Weather could be latest problem in spill cleanup
It is still too early to tell exactly where the storm might go how it might affect oil on and below the surface of the Gulf of Mexico, forecasters said. An armada of ships is working on the spill. That includes those drilling two relief wells, projected to be done by mid-August, and the best hope of halting the crude that has been gushing since April 20 in the biggest offshore oil spill in U.S. history.
BP's effort to drill through 2½ miles of rock is on target, the oil giant said Friday. But BP's stock tumbled anyway over the mounting costs of the disaster and the company's inability to plug the leak sooner.
The crew that has been drilling the relief well since early May ran a test to confirm it is on the right path, using a tool that detects the magnetic field around the casing of the original, blown-out well.
"The layman's translation is, 'We are where we thought we were,'" said BP spokesman Bill Salvin.
Once the new well intersects the ruptured one, BP plans to pump heavy drilling mud in to stop the oil flow and plug it with cement.
Despite the encouraging news, BP stock tumbled 6 percent in New York on Friday to a 14-year low on news that BP has now spent $2.35 billion dealing with the disaster.
BP has lost more than $100 billion in market value since its deep-water drilling platform blew up, and its stock is worth less than half the $60 or so it was selling for on the day of the explosion.
The bad weather perhaps heading that way would add to BP's headaches.
Forecasters can't say yet if the depression expected to blow into a tropical storm sometime Saturday will hit the northeastern part of the Gulf, where the spill has spread over the past 10 weeks. Somewhere between 69 million and 132 million gallons of crude have spewed into the water since the rig Deepwater Horizon exploded April 20, killing 11 workers.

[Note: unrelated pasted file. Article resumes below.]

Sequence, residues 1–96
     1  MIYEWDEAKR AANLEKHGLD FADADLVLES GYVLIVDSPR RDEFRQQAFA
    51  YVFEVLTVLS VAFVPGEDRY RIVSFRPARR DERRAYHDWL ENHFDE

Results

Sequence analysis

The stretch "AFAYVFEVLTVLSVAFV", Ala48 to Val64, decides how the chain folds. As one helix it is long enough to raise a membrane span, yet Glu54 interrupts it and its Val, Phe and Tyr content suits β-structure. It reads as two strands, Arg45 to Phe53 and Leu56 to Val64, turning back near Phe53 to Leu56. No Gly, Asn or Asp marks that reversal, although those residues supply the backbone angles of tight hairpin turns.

Most storm prediction models show it traveling over the Yucatan Peninsula over the weekend and into the southern Gulf by Monday. Where it goes next is the question.
The effort to capture the oil gushing from the sea bottom could be interrupted for up to two weeks if a storm forces BP to move its equipment out of harm's way, said Coast Guard Adm. Thad Allen, the government's point man on the crisis.
BP would need about five days to secure or move all its equipment to safety from an approaching storm but is working to shorten that to two days, Salvin said. The equipment includes ships that are processing the oil sucked up by the containment cap on the well and the rigs drilling the two relief wells.
In other news:
— A financial disclosure report released Friday shows that the Louisiana judge who struck down the Obama administration's six-month ban on deep-water drilling in the Gulf has sold many of his energy investments. U.S. District Judge Martin Feldman still owns eight energy-related investments, including stock in Exxon Mobil Corp. Among the assets he sold was stock in Transocean, which owned the rig that exploded. The Justice Department asked a federal appeals court Friday to delay Feldman's ruling "to preserve the status quo" during the government's appeal.
— Labor Secretary Hilda Solis slammed BP — along with Massey Energy, owner of the West Virginia coal mine where 29 workers died in an explosion in April — saying they need better safety measures. "We are not saying go out of business," she said. "Do your job better. Make an investment in your employees. We want you to make a profit, but not at the expense of killing your employees."
— Vice President Joe Biden will head to the Gulf on Tuesday to visit a command center in New Orleans and the oil-fouled Florida Panhandle.
— The IRS said payments for lost wages from BP's $20 billion victims compensation fund are taxable just like regular income. Payments for physical injuries or property loss are generally tax-free.
BP is capturing anywhere from 840,000 to 1.2 million gallons of oil a day. Worst-case government estimates say 2.5 million gallons a day are leaking from the well, though no one really knows for sure.
BP is working to develop a different containment system that would be easier to disconnect and hook back up if a storm interrupted the work.
Associated Press writers Lisa Leff and Cain Burdeau in New Orleans, David Fischer in Miami and Seth Borenstein in Washington contributed to this report.